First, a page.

Although, not all phytoremediation efforts have been as successful such as with the Chernobyl disaster. The survival of these plants depends greatly on the level of toxicity of the contaminated land as well as the general condition of the soil. This is where biochars can become of great value. Future phytoremediation efforts using biochars may prove to be a lot more effective in terms of heavy-metal accumulation as well as the long term survival of the plant. Phytoremediation combined with biochar is the way forward, especially in today’s’ world of massive corporations, industries and development.


Where have all our penguins gone?


             Image Source: Flickr. By: Paul Mannix 

The African penguin (more commonly known as the Jackass penguin) is found on over 20 small islands and mainland areas along the south-west and south coast of Africa. They are currently listed as ‘Endangered’ on the IUCN Red List, which is attributed to a combination of factors. Some of the more well- known factors include oil spills, egg harvesting by humans and disturbance to nesting sites. Recently, the effects of global warming are also indirectly creating detrimental affects on the remaining number of African penguins found along the western coast of South Africa. Indirect effects of global warming include a decline in the amount of food sources as well as a change in the availability of food sources for the penguins.

Large-scale commercial fisheries (such as purse-seine trawling as well as climate change impacts on water temperatures) have caused shifts in the type and amount of prey available to the penguins in their feeding range. Roy et al. (2007) noticed that both anchovies and sardines, the two main prey items for African penguins, have shifted more eastward of South Africa due to the changes in water temperature. A study done by Crawford et al. (2011) investigated how the distribution shift of anchovies and sardines will impact on the African penguin population numbers in South Africa.



African penguin distribution map: The number of breeding penguins in South Africa has declined from about 56 000 pairs in 2001 to 21000 pairs in 2009, while the global population is recorded as 26 000 pairs in 2009.

During breeding, African penguins need to search for food within 40 km of their breeding or nesting site. The further that a penguin travels searching for food, the more energy it expends, which ultimately means less food for the chicks. In addition, adults also face a food shortage which leads to a deterioration in their health. Therefore, the feeding conditions before breeding influence breeding success as well as the decision to participate in breeding.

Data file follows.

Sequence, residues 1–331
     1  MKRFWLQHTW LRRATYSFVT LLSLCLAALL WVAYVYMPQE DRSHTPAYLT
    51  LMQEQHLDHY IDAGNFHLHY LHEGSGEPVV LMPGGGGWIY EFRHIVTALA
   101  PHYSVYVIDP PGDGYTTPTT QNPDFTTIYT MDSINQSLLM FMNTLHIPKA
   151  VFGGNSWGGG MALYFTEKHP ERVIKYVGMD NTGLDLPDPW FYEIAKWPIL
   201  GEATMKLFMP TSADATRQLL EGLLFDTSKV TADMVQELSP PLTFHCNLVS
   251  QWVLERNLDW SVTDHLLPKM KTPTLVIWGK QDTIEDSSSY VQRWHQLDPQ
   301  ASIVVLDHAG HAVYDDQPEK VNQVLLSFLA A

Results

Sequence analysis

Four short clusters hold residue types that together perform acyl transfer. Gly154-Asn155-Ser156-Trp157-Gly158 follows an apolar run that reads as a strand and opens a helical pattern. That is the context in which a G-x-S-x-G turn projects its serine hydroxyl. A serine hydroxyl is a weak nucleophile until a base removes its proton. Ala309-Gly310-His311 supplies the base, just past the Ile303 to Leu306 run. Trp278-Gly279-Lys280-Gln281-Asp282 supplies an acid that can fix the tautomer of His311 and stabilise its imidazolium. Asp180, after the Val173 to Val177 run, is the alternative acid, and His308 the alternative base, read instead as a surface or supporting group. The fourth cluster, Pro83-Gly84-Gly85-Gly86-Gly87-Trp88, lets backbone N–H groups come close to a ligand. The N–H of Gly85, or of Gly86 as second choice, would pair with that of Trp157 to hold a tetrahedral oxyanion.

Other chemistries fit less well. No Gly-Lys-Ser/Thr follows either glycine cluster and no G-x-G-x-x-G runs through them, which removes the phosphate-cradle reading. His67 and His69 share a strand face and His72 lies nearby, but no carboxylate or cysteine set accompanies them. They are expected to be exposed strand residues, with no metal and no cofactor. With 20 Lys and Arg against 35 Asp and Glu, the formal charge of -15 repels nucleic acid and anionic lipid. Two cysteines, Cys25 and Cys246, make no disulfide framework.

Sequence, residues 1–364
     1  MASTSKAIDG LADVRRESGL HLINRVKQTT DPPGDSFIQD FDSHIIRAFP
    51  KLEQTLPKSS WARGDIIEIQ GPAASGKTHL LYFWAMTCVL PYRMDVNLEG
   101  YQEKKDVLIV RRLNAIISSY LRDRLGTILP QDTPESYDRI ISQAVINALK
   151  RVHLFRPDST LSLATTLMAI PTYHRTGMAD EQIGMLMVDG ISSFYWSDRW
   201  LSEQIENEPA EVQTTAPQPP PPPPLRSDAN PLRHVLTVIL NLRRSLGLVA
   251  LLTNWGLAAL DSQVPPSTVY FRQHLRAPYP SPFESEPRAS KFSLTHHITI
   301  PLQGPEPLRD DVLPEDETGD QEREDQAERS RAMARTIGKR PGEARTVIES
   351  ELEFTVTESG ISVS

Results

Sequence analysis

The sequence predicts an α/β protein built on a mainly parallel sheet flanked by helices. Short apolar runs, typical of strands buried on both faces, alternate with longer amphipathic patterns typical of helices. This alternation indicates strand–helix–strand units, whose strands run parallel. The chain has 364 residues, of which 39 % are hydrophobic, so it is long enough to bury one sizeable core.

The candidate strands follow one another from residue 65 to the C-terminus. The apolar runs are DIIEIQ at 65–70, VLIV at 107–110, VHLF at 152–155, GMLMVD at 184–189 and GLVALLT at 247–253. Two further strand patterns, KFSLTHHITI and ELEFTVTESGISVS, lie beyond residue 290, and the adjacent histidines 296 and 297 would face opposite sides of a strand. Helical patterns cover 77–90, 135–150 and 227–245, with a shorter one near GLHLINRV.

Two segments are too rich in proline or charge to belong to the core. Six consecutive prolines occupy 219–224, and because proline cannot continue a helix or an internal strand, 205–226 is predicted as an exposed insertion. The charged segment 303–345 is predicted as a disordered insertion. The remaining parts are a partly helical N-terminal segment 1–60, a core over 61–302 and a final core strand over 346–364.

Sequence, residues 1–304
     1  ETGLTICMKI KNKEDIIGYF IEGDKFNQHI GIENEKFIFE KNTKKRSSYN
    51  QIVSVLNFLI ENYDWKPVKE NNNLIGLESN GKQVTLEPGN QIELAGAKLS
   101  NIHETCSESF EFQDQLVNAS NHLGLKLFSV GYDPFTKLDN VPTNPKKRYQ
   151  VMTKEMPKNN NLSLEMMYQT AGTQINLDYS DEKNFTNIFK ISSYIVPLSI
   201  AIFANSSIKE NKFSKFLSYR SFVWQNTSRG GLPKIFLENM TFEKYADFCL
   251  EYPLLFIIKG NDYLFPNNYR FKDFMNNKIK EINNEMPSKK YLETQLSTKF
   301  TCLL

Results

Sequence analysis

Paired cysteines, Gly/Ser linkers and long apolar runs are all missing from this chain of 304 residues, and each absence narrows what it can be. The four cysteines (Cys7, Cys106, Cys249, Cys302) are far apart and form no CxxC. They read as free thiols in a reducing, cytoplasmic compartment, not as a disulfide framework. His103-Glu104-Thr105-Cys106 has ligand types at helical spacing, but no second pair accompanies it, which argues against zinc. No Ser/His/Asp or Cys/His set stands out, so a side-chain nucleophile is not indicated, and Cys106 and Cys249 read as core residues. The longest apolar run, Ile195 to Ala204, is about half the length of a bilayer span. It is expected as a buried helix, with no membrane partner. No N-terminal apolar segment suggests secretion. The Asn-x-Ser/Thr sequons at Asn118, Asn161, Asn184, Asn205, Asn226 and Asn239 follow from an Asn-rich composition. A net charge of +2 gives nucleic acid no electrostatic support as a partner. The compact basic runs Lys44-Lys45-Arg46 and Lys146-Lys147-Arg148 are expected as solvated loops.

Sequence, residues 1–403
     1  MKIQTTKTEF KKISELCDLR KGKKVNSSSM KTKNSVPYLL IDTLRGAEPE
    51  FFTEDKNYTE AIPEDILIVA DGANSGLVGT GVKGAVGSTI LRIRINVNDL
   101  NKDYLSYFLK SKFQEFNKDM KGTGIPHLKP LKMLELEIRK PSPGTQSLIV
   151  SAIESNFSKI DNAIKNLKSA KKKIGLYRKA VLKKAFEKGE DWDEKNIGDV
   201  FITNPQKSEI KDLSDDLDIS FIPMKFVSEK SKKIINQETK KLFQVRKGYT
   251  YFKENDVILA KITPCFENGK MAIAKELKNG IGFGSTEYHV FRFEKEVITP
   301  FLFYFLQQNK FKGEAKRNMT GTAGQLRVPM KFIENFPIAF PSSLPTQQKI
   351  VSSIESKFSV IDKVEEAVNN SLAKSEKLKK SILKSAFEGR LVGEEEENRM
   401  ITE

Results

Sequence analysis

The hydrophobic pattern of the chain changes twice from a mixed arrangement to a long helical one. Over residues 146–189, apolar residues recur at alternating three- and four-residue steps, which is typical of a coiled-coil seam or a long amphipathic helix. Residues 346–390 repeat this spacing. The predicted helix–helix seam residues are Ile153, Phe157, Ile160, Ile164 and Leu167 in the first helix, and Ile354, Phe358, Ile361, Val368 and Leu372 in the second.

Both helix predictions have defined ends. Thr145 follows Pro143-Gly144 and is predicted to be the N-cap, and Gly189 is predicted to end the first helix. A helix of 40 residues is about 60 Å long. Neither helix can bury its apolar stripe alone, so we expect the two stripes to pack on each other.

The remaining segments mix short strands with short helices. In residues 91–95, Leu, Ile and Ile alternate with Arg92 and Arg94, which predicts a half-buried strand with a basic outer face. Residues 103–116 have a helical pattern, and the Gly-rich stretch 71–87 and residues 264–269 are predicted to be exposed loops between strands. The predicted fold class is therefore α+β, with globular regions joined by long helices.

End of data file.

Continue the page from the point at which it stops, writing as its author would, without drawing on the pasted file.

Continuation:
African penguins nesting site at St Croix Island

Crawford et al. (2011) found that due to the eastward shift in sardines and anchovies as well as the overall decline in these prey species; that the number of penguin nests and breeding pairs has declined exponentially. They found that the biomass of these prey species and number of penguin nests were highly correlated.

They also found that the local availability of these prey species to the penguin breeding sites is also a highly important factor influencing the African penguin numbers. They inferred this by the observation that the abundance of anchovy was still very high, although the anchovy distribution shifted further away from the penguin breeding sites.



African penguin feeding

Besides the obvious importance of this study in bringing to our attention the massive decline in African penguin numbers over the years, it also emphasizes to us the need for better fisheries management. We need to consider not only the overall abundance of prey but also the local availability of the prey species.

An important follow up study to this one, as suggested by Crawford et al. (2011) would be to investigate the influence of fishing on the availability of food to the African penguins and then further determine how this can possibly be managed. Another very important factor to consider is that the distribution shift of these prey species not only affects African penguins, but also other animals such as the Cape gannet and Cape cormorants. Since the change in shift of these fish prey species, Cape gannet breeding success has declined rapidly as well, inadvertently impacting on the gannet population.



African penguin with chick

This article demonstrates to us just how fragile our planet really is. Everything operates in an almost balanced scale whereby the global change drivers created by humans, can easily and noticeably tip this balanced scale quite easily without us even noticing. Only until a species such as the iconic and adorable Jackass penguin starts to disappear do people begin to take notice and action to avoid their possible extinction.

This paper is worth a read and provides a good synthesis of information to the changes that the African penguins have undergone since the late 1990s.



Crawford, R. J. M.,  Altwegg, R., Barham, B. J., Barham, P.J., Durant, J.M., Dyer, B.M., Geldenhuys, D., Makhado, A. B. Pichegru, L., Ryan, P.G., Underhill, L.G., Upfold, L., Visagie, J., Waller, L.J., Whittington, P.A. 2011. Collapse of South Africa’s penguins in the early 21st century. African Journal of Marine Science 33(1): 139-156.